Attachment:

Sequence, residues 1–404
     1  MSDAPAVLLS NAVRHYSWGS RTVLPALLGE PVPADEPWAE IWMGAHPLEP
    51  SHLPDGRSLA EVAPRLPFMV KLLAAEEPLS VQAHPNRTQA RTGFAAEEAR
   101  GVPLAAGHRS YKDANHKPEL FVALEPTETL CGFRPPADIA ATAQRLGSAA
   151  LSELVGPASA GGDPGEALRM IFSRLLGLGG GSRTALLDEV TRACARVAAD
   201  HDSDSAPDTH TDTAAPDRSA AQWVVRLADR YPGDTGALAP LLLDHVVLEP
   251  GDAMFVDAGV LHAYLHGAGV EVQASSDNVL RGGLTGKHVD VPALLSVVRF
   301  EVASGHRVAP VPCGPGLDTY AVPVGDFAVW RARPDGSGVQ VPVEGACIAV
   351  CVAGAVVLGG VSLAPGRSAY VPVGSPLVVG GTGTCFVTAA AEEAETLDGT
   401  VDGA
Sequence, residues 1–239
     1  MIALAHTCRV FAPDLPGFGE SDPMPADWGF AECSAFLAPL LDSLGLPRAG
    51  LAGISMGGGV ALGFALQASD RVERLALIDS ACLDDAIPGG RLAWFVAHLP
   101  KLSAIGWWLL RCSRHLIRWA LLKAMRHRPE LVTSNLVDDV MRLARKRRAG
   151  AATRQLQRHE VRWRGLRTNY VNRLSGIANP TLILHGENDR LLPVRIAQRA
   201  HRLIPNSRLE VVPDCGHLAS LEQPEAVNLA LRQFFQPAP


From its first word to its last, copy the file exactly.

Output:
Sequence, residues 1–404
     1  MSDAPAVLLS NAVRHYSWGS RTVLPALLGE PVPADEPWAE IWMGAHPLEP
    51  SHLPDGRSLA EVAPRLPFMV KLLAAEEPLS VQAHPNRTQA RTGFAAEEAR
   101  GVPLAAGHRS YKDANHKPEL FVALEPTETL CGFRPPADIA ATAQRLGSAA
   151  LSELVGPASA GGDPGEALRM IFSRLLGLGG GSRTALLDEV TRACARVAAD
   201  HDSDSAPDTH TDTAAPDRSA AQWVVRLADR YPGDTGALAP LLLDHVVLEP
   251  GDAMFVDAGV LHAYLHGAGV EVQASSDNVL RGGLTGKHVD VPALLSVVRF
   301  EVASGHRVAP VPCGPGLDTY AVPVGDFAVW RARPDGSGVQ VPVEGACIAV
   351  CVAGAVVLGG VSLAPGRSAY VPVGSPLVVG GTGTCFVTAA AEEAETLDGT
   401  VDGA
Sequence, residues 1–239
     1  MIALAHTCRV FAPDLPGFGE SDPMPADWGF AECSAFLAPL LDSLGLPRAG
    51  LAGISMGGGV ALGFALQASD RVERLALIDS ACLDDAIPGG RLAWFVAHLP
   101  KLSAIGWWLL RCSRHLIRWA LLKAMRHRPE LVTSNLVDDV MRLARKRRAG
   151  AATRQLQRHE VRWRGLRTNY VNRLSGIANP TLILHGENDR LLPVRIAQRA
   201  HRLIPNSRLE VVPDCGHLAS LEQPEAVNLA LRQFFQPAP